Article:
Since Alan Greenspan became the Fed chairman in 1987, there has been a policy consensus on the primary role and effectiveness of monetary policy in cushioning an economic downturn and kicking it back to growth. Fiscal policy, due to the political difficulties in making meaningful changes, was relegated to a minor role in economic management. Staving off crisis and reviving growth still dominate today's conversation. The prima facie evidence is that the experiment has failed. The dominant voice in policy discussions is advocating more of the same. When a medicine isn't working, it could be the wrong one or the dosage isn't sufficient. The world is trying the latter. But, if the medicine is really wrong, more and more of the same will kill the patient one day. The global economy was a debt bubble, functioning on China over-borrowing and investing and the West over-borrowing and consuming. The dynamic came to an end when the debt crises exposed debt levels in the West as too high. The last source of debt growth, the U.S. government, is coming to an end, too, as politics forces it to reduce the deficit. Trying to bring back yesterday through monetary growth will eventually bring inflation, not growth.
Uber-bullishness is the order of the day in the markets. Last week we noted that the DJIA has climbed to a new post-2007 high. And now, the “fear index” VIX is hitting lows (as we discussed in depth last night). This implies that the market has become dangerously euphoric, and that risk is being improperly priced. The last time VIX fell to an all-time low and market-confidence hit an all-time high, it presaged a financial crisis. This time may not be so different.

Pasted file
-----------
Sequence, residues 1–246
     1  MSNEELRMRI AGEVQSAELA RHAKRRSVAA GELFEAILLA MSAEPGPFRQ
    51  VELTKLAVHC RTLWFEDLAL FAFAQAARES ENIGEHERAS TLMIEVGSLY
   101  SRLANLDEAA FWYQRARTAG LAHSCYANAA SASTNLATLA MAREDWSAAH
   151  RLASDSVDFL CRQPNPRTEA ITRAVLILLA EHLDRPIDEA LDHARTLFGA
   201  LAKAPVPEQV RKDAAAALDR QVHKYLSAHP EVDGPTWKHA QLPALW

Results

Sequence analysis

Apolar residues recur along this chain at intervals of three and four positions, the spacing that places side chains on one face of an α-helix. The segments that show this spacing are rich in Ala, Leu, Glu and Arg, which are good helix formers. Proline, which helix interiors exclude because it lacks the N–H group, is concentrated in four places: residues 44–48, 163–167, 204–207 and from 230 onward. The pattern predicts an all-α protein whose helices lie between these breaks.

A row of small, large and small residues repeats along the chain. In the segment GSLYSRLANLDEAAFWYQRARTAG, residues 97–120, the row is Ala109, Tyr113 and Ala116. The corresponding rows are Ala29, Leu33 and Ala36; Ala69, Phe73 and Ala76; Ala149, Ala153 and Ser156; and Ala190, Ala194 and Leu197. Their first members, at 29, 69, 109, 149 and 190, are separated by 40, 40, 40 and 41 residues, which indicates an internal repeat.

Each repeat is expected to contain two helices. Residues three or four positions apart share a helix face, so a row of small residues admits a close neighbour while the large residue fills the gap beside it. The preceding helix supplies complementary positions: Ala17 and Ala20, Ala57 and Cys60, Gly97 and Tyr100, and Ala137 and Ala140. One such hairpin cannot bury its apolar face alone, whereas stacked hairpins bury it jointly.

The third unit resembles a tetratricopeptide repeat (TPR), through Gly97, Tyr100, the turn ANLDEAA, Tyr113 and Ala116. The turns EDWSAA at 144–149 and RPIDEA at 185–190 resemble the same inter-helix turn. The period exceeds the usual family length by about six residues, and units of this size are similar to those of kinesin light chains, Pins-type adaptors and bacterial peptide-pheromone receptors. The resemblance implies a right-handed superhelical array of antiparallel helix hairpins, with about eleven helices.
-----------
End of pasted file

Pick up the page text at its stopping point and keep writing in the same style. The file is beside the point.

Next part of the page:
We have discussed Dallas Fed's Richard Fisher's money-where-his-mouth-is perspective on the world before and the (sadly) non-voting member is among UBS' Art Cashin's most respected and candid of the FOMC. A glance through the transcripts that Art highlights below should both make readers sick at the constant pollyanna-ish nature of Fisher's comrades and perhaps more confident that his insights will be listened to more astutely 'the next time' as he noted at the time "No amount of rewriting of history will exonerate us". Once again, after reading these transcripts, do we really believe that central bankers are omnipotent? or incompetent?
China Narrowly Averts Credit Bubble Pop With Latest Government Bailout Of First Domestic Bond DefaultSubmitted by Tyler Durden on 01/23/2013 10:58 -0400
A Chinese solar firm which nearly produced the country's first domestic bond default will complete an interest payment on schedule after a local government intervened on its behalf. Investors say the latest instance of a government riding to the rescue of a troubled Chinese firm has led to moral hazard and inefficient credit allocation. In previous near-defaults, local governments had stepped in directly to arrange bailout funding. But as in past cases, the deal flouts legal notions of debt seniority by allowing one group of creditors - bondholders - to get paid in full, even as a pre-existing default remains un-cured. Analysts say the market does not effectively price in risk because investors assume the government will never allow a default.